Friday, June 3, 2022

Meet the New Boss

Of the EPA Bay Program: EPA Names Director for Its Chesapeake Bay Program

A veteran government scientist and meteorologist is poised to become director of the U.S. Environmental Protection Agency’s Chesapeake Bay Program, which oversees federal and regional Bay environmental monitoring and cleanup efforts.

The EPA announced Thursday that Dr. Kandis Boyd will take over as director of the program on Monday. She’ll be the first person of color to hold a leadership position on government Chesapeake Bay policy — and the first permanent head of that EPA office in over a year.

“I’m thrilled to have Kandis join our leadership team as we are stepping up restoration efforts for the Bay in the face of emerging challenges,” said EPA Mid-Atlantic Regional Administrator Adam Ortiz — a former state and local environmental official in Maryland. “Her experience as a strategic leader in the sciences and success engaging diverse communities and youth will help take the Bay effort to a new level as we focus on climate change and vulnerable communities.”

According to the EPA, Boyd has nearly 30 years of experience leading, teaching, advising and mentoring students and early career enthusiasts in environmental and atmospheric science. The first African-American woman to receive an undergraduate degree in Meteorology from Iowa State University, Boyd served most recently as strategic advisor for the Office of Equity and Civil Rights at the National Science Foundation (NSF). That position included serving as the first deputy division director of the NSF Division of Grants and Agreements, where she provided oversight and direction for 35 staffers, a $5 billion budget, and more than 12,000 new grants a year.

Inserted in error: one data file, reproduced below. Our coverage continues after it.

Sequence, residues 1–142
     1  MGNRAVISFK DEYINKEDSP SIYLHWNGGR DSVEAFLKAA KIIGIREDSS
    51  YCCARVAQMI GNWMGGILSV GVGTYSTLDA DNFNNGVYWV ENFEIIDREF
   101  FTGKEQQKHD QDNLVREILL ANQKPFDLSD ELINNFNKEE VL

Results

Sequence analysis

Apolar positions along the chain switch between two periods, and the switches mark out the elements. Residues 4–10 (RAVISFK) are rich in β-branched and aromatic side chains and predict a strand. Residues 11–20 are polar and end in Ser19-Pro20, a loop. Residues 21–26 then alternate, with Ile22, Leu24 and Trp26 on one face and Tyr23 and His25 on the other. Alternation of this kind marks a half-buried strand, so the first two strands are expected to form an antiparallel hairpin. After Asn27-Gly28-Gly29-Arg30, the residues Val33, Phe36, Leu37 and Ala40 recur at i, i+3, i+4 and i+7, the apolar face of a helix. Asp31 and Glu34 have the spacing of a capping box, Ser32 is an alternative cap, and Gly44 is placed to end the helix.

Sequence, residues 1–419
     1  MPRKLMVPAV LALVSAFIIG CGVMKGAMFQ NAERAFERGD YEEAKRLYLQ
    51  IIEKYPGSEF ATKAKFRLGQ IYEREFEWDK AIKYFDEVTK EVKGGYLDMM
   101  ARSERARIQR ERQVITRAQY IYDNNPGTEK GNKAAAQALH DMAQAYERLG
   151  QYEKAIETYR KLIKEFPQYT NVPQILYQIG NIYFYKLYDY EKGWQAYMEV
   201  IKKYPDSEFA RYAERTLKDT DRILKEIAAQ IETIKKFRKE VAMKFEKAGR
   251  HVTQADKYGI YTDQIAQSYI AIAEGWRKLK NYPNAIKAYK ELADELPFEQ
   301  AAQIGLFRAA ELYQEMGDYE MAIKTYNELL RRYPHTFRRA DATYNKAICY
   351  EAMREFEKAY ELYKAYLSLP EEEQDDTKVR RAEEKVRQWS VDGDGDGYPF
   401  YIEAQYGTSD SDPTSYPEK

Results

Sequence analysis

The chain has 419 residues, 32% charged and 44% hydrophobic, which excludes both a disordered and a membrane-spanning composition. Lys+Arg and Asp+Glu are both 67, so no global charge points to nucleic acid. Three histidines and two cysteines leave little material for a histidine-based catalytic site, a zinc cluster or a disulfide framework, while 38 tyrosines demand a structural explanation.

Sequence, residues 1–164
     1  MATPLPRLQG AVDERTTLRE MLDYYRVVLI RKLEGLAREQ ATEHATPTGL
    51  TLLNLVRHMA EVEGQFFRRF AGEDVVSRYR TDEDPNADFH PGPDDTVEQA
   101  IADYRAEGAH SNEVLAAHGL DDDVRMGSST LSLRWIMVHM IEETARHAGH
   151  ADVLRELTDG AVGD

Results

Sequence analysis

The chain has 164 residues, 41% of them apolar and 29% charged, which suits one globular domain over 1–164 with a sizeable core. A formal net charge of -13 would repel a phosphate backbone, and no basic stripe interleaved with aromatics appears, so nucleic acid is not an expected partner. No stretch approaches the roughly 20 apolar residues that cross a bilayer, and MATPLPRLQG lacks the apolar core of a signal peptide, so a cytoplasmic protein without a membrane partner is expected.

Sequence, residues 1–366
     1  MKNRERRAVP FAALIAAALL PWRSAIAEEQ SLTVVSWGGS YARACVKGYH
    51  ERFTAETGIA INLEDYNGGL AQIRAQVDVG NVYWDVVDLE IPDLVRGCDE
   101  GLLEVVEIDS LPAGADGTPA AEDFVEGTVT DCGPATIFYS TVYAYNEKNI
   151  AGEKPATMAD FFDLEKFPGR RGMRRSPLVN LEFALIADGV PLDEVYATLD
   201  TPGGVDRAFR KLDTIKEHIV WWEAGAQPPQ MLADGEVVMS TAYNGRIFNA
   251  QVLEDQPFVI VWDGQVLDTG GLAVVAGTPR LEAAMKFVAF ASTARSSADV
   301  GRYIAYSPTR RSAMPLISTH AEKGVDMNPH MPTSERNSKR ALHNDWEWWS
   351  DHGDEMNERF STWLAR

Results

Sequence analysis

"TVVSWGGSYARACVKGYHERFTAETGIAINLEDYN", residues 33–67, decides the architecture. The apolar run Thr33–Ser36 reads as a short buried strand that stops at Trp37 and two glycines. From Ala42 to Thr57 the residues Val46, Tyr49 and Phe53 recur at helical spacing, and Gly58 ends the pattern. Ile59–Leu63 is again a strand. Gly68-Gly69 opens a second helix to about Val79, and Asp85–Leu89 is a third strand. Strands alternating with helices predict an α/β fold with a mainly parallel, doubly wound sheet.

Boyd spent most of her career at the National Oceanic and Atmospheric Administration (NOAA). During Hurricane Katrina, she delivered around-the-clock on-site meteorological forecasts during the 2005 landfall of that hurricane. She served as the designated federal officer for the third National Climate Assessment Development Advisory Committee, co-chaired the first NOAA Environmental Modeling Strategic Plan, served as an adviser for NOAA’s $2 billion satellite portfolio, and was both acting director and deputy director of the NOAA Weather Program Office.

EPA’s Chesapeake Bay Program coordinates activities and implements strategies for meeting the restoration goals of the Chesapeake Bay watershed, which covers 64,000 square miles across New York, West Virginia, Pennsylvania, Delaware, Maryland, Virginia and the District of Columbia.

Best of luck to Dr. Boyd. 

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